Joseph Bell and a Writer’s Trip to Edinburgh
Joseph Bell came up twice in my Holmesian meandering in the last four weeks. When you really try to find out who Sherlock Holmes is, was, or might be, Joseph Bell wants a word. When you find out at Baker Street Museum that many people have written countless letters addressed to the great detective, genuinely believing Sherlock Holmes was a real person, you begin to feel that some research needs to be made pertaining to the real person who did inspire him, if loosely, as Doctor Bell I think would hope me to say.
Much like Conan Doyle had a conflicted relationship with our favourite consulting detective, because his popular short stories were in the way of his ‘serious’ historical fiction, Joseph Bell felt uneasy about the connection between himself and Sherlock Holmes. It was not quite as bad as the pangs Doctor Frankenstein felt towards his creature, but the resentment accompanied Bell for the rest of his life. It is this conflict between Bell’s inspiring personality and the extremely lifelike imitation that is the character of Sherlock Holmes, which drew me to dig deeper into the Scottish surgeon’s singular life.
From Conan Doyle to Google Street View
Of course, my travels for Spiral Mind and its sequels (yes, plural!) led me to Edinburgh. They would have had to, even without Joseph Bell, since Conan Doyle wrote most of the first stories in Edinburgh. I felt very much akin to Conan Doyle in my efforts to depict a roaring London, with nothing but maps to help me. While Doyle famously used paper maps to outline any route taken by the characters in the stories, which earnt him great praise even from Londoners, I was fortunate enough to have Google street view on my side.
Whatever maps you use, though, the process is laborious, and the more I did it, for over a year before I was finally able to visit London for the first time, which you can read about here, I started to wonder why Conan Doyle wasn’t viewing his Sherlock Holmes stories as ‘serious’ fiction, and why he harboured such negative feelings towards his main character. You have to be taking your writing very seriously indeed if you want to navigate yourself through the entirety of London with a character present who apparently knows every side street like the back of his hand. I suppose there are drawbacks to writing about Sherlock Holmes, but I digress.
Joseph Bell’s Edinburgh
Edinburgh presented itself in exactly the gloomy Victorian light I had always imagined it when I exited the train station. The castle loomed large above the city, the blackened walls of tall Victorian buildings loomed even taller, and the grey clouds darkened the shadows in the streets. Sure, Joseph Bell wouldn’t have seen a neon sign of Boots the chemist on a dark and looming storefront, but I have visited my fair share of historical apothecary’s shops to imagine their brown bottles jingling in wooden cabinets, the delicate metal scales and their copper drain pipes. There was something suggestive about the streets of Edinburgh, which explained the many famous literary figures and characters that originated here.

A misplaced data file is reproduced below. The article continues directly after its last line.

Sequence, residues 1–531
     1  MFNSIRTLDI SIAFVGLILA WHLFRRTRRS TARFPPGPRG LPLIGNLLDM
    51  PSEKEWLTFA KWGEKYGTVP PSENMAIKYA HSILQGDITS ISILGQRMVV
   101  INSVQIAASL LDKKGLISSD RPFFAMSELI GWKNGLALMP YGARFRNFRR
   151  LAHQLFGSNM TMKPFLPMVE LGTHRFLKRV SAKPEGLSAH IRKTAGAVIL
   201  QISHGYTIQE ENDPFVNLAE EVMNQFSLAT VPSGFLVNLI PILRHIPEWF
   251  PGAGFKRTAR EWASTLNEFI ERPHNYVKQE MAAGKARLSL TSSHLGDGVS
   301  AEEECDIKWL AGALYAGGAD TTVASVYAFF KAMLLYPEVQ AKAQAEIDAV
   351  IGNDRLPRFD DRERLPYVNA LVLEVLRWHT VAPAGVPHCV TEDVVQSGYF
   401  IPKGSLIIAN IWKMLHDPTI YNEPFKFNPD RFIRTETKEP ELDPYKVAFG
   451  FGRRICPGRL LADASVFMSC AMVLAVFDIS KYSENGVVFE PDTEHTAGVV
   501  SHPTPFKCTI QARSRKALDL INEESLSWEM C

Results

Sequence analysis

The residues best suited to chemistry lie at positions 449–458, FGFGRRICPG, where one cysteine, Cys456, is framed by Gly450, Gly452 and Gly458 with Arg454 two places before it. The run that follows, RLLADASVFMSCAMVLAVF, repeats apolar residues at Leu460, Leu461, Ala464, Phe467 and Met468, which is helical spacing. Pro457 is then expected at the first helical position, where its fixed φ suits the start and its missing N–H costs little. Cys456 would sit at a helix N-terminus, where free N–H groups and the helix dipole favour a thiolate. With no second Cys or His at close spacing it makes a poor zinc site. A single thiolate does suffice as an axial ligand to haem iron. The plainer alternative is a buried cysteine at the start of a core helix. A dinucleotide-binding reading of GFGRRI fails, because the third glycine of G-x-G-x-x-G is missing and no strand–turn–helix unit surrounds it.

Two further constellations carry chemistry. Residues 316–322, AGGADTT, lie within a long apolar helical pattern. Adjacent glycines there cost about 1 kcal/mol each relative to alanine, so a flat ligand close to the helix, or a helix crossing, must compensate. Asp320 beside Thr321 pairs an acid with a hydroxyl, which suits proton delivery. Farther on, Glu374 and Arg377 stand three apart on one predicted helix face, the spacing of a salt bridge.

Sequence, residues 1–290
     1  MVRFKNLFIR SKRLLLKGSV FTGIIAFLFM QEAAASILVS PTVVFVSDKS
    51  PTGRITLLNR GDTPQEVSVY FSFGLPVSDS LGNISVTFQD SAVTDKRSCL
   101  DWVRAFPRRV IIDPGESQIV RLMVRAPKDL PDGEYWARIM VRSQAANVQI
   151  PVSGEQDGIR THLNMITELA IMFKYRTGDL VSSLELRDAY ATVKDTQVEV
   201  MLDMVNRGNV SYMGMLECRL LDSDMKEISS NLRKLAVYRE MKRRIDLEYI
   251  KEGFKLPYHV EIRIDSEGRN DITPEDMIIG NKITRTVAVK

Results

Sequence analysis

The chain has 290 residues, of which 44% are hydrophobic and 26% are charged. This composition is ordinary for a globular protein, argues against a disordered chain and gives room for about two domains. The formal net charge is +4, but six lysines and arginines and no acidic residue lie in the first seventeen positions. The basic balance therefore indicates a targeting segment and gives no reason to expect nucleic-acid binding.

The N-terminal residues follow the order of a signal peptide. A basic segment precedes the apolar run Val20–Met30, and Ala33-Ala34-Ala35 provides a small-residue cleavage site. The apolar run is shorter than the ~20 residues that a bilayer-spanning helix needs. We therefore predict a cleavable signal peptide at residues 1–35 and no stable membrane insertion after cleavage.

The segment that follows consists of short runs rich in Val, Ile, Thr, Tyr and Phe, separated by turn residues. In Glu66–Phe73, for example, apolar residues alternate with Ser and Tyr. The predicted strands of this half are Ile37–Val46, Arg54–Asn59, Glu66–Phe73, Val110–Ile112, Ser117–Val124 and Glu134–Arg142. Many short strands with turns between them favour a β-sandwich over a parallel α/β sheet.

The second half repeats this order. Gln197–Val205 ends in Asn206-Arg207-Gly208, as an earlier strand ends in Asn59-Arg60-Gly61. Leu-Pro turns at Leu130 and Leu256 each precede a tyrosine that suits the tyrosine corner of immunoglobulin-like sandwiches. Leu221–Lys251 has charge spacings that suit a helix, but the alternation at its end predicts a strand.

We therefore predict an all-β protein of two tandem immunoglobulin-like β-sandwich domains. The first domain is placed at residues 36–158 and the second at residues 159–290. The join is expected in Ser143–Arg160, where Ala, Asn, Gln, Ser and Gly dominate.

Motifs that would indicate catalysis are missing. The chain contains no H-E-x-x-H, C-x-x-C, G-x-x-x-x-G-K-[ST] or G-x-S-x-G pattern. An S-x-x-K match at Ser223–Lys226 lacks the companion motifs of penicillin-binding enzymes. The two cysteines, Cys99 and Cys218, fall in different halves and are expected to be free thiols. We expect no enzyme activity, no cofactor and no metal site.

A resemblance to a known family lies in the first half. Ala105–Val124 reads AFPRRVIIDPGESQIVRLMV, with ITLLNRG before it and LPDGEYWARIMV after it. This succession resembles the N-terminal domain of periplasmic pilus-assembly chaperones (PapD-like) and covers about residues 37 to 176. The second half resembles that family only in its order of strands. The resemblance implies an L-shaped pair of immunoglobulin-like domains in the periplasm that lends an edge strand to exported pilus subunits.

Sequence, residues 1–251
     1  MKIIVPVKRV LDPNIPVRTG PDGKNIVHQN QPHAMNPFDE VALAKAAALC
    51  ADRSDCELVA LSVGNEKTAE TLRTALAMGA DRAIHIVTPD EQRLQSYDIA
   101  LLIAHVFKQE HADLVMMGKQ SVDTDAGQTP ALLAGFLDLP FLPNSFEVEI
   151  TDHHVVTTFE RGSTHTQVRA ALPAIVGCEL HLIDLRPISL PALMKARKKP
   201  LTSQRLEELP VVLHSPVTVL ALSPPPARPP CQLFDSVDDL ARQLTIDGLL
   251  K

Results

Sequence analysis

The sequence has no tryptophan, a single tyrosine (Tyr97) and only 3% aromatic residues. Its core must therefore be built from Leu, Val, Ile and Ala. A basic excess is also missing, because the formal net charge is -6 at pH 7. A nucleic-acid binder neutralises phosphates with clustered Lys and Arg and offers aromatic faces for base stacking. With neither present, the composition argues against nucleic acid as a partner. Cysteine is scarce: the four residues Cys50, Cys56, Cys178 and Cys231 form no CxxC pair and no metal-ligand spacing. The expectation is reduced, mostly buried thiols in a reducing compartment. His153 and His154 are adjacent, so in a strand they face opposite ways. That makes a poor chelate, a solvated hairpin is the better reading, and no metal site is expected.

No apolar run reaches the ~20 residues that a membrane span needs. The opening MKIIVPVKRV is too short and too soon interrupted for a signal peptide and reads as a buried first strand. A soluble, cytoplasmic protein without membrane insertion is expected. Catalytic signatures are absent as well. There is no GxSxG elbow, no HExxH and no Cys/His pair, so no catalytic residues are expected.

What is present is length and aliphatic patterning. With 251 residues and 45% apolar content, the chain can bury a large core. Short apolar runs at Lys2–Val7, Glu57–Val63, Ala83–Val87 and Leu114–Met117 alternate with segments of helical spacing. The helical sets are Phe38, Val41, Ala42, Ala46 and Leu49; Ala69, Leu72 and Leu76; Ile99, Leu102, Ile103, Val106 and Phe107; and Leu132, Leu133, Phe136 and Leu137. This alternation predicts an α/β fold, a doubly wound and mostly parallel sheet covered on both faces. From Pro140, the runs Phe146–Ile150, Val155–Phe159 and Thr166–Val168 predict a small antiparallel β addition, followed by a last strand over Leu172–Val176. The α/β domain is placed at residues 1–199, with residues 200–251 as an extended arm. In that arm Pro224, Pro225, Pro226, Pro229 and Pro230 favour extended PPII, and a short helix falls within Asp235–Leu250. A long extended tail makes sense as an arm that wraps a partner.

Real Life Inspiration
Since I only had one day in Edinburgh, I quickly made my way to the Surgeons’ Hall, where one small part of an exhibition was dedicated to Joseph Bell, whose influence on forensic science has sadly been overshadowed by his influence on the most portrayed literary human character of all time. Doctor Bell was among the first surgeons to be called upon by the police to investigate forensic evidence – a practice which would soon become standard. For example, he was famously consulted in the case of the Ardlamont murder, where a young boy was shot when out hunting with a man who had recently taken out life insurance on the boy. You can read all about the case in the Surgeons’ Hall blog.
Joseph Bell even ended up investigating the Ripper murders, but his verdict on who Jack the Ripper was was mysteriously lost in the post. It is certainly his distinguished deductive reasoning which Bell gave to Sherlock Holmes. Conan Doyle was, on multiple occasions, perplexed by Bell’s observations about patients, which not only inspired Sherlock Holmes as a detective, but also Doctor Watson, who stood in for Doyle.
The Haunted Doctor
Conan Doyle widely publicised the real life inspiration for Sherlock Holmes, but sadly, Joseph Bell felt, ‘haunted by my double, Sherlock Holmes.’ Not only did the fictional ‘double’ overshadow him, but Bell was unhappy about how coldly Conan Doyle had portrayed the deductive reasoner in his story. Bell said, ‘I hope folk that know me see another and better side to me than what Doyle saw.’ It is exactly this tension which drew me to Joseph Bell, and it inspired something entirely different in my sequel to Spiral Mind. Joseph Bell should have his say, I thought, and found a way to weave his words into my story.
The question, ‘Is Sherlock Holmes real?’ is still widely asked, and for decades, the Sherlock Holmes Museum in Baker Street had to employ an assistant to answer the mail for all those who were convinced Sherlock Holmes was a real person, even though Conan Doyle had never protested any such thing. It could be said that to a large extent it is Bell’s incredible talent which gives so much life to the great detective and the ongoing belief in him. At the same time, the question, ‘Is Sherlock Holmes a real person?’ cannot be answered with a yes, as Bell would not want to be remembered as the cold, calculating machine Conan Doyle put on the page. Perhaps this is one of the reasons, Sherlock Holmes grows softer in the later stories, written after Bell died in 1911. Conan Doyle might have felt his character, like his inspiration, should be human, after all.